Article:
I loved the 2003 Kino’s Journey series, so it makes me sad to say this 2017 reboot was the worst show I watched this season. But here it is. What else can you say when the final episode is the protagonist going on an extended over-the-top violence bender in order to annihilate the terrible threat of killer sheep and it doesn’t even have the decency to be funny?


Still, I don’t regret watching it, because it prompted me to rewatch the 2003 series for comparison, and it’s a pretty interesting study in how different storytelling and directorial choices can make or break an adaptation, which I’ll talk about a bit.

First, for those who don’t know, Kino’s Journey is the story of a young traveler named Kino and their talking motorcycle. Kino goes from country to country on a journey, never staying in a place for more than three days and has lots of interesting encounters along the way, experiencing the highs and lows of humanity. The motto of the series is “the world is not beautiful, therefore it is”. There was an anime in 2003 before this one came out.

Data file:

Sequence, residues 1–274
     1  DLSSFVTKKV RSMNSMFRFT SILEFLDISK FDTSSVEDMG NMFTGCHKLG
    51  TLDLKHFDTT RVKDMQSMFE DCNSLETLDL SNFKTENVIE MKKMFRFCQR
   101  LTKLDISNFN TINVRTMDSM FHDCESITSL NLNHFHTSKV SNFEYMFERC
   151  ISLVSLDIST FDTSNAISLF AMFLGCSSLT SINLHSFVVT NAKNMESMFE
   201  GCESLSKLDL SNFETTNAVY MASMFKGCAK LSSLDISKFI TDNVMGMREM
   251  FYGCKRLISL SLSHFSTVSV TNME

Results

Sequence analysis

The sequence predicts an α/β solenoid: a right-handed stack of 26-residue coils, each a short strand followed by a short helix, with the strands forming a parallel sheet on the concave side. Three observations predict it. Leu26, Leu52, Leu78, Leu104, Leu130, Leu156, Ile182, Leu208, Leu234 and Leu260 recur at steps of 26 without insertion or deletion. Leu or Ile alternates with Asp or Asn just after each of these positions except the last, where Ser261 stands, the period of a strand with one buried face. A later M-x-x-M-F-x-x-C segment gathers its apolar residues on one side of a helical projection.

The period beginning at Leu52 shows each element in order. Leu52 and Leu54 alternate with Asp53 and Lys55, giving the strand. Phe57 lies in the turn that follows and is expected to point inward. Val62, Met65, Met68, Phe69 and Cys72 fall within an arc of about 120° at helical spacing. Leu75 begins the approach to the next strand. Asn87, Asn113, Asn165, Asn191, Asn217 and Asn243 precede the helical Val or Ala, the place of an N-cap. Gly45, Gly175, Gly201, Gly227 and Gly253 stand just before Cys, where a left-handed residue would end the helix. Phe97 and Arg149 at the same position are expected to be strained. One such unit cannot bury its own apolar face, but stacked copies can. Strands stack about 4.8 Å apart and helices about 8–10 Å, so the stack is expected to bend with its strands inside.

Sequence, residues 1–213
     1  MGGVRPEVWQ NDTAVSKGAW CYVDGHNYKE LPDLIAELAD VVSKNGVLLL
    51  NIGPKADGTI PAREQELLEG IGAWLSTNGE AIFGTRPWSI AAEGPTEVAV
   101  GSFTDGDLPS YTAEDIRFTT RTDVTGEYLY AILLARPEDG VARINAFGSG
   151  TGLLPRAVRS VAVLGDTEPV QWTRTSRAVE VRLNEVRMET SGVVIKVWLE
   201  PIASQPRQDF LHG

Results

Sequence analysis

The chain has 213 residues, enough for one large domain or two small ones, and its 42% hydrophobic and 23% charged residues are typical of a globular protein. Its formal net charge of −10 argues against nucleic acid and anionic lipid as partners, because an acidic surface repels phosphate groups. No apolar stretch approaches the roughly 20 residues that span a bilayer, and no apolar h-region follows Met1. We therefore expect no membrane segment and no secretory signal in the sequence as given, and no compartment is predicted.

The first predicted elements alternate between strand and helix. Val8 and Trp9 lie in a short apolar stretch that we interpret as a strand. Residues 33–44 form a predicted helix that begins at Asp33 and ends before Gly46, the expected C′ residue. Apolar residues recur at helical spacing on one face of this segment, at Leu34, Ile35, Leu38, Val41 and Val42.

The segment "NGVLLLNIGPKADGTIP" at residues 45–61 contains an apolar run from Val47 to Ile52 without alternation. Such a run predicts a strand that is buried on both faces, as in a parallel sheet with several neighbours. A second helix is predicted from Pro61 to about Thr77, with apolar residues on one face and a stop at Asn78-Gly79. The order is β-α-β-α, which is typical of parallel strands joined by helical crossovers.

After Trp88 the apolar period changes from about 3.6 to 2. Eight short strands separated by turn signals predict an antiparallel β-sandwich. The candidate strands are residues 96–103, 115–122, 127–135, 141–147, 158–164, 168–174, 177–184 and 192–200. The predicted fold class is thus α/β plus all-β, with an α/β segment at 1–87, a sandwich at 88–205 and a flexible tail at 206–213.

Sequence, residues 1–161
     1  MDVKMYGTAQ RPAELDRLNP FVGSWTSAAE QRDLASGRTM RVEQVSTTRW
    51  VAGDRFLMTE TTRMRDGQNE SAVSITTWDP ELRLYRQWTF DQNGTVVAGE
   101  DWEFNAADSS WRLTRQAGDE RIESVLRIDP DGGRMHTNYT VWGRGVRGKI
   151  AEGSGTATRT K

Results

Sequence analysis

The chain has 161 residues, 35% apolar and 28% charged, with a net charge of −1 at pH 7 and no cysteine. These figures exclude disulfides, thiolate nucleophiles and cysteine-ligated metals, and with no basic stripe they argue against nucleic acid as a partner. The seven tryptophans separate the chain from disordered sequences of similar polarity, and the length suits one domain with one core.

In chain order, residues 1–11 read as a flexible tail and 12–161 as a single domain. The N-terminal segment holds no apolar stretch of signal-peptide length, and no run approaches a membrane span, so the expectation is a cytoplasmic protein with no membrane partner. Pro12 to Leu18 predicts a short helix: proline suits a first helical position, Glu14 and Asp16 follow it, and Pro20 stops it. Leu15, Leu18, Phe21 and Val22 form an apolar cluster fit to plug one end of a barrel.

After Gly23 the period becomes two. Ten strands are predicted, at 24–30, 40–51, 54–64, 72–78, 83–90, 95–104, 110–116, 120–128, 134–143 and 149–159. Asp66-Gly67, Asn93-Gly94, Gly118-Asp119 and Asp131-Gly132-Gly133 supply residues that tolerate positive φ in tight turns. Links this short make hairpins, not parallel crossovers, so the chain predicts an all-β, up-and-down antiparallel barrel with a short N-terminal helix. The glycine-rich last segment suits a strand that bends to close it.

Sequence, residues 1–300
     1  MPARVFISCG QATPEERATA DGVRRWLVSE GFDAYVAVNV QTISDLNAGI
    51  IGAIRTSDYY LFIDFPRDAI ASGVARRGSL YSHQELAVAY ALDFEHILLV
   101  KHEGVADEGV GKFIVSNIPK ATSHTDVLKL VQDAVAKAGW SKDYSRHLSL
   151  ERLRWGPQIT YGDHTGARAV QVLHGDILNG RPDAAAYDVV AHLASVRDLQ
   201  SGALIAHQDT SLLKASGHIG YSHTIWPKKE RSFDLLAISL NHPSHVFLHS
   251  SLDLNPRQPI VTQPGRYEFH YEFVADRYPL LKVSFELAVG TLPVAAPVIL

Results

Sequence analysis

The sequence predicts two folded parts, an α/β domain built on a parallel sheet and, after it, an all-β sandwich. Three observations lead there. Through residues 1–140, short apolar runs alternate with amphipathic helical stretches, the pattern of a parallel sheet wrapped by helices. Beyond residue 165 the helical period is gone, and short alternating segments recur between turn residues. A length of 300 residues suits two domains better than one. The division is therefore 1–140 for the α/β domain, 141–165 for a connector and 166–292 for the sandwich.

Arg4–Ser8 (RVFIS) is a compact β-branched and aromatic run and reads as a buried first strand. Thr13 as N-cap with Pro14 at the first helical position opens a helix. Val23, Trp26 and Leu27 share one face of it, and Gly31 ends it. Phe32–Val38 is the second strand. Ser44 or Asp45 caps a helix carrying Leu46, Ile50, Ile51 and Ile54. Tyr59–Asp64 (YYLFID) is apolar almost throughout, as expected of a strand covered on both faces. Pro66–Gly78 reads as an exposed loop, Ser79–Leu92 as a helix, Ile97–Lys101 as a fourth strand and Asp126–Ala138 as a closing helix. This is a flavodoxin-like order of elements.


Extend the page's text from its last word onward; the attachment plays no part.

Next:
Both anime series are based on a light novel series. I’ve never read the light novel series, so I can’t say for sure whether it’s bad choices and writing on the anime team’s part or closer adherence to the source material that made 2017 series so different from the 2003 one. However, word around the internet is the 2017 series is closer to the light novels. If that’s true, the 2003 series as an example of an adaptation really improving on the source material.

I think this series first mistake was allowing fans to vote on which light novel stories it should adapt. That made it inevitable there was no cohesive theme or narrative throughout this whole thing. The 2003 series was episodic but also had a narrative arc- we see where Kino came from at the beginning, watch them grow as a person throughout the narrative as they encounter different situations, then the series ends on a melancholy but meaningful callback to their origins and how far they’ve come. The 2017 series is just…randomly cobbled together. There’s no thematic resonance or narrative arc or character growth whatsoever.

Continue reading “RECENT HISTORY: Fall 2017 Anime Overview (Ranked from Worst to Best)”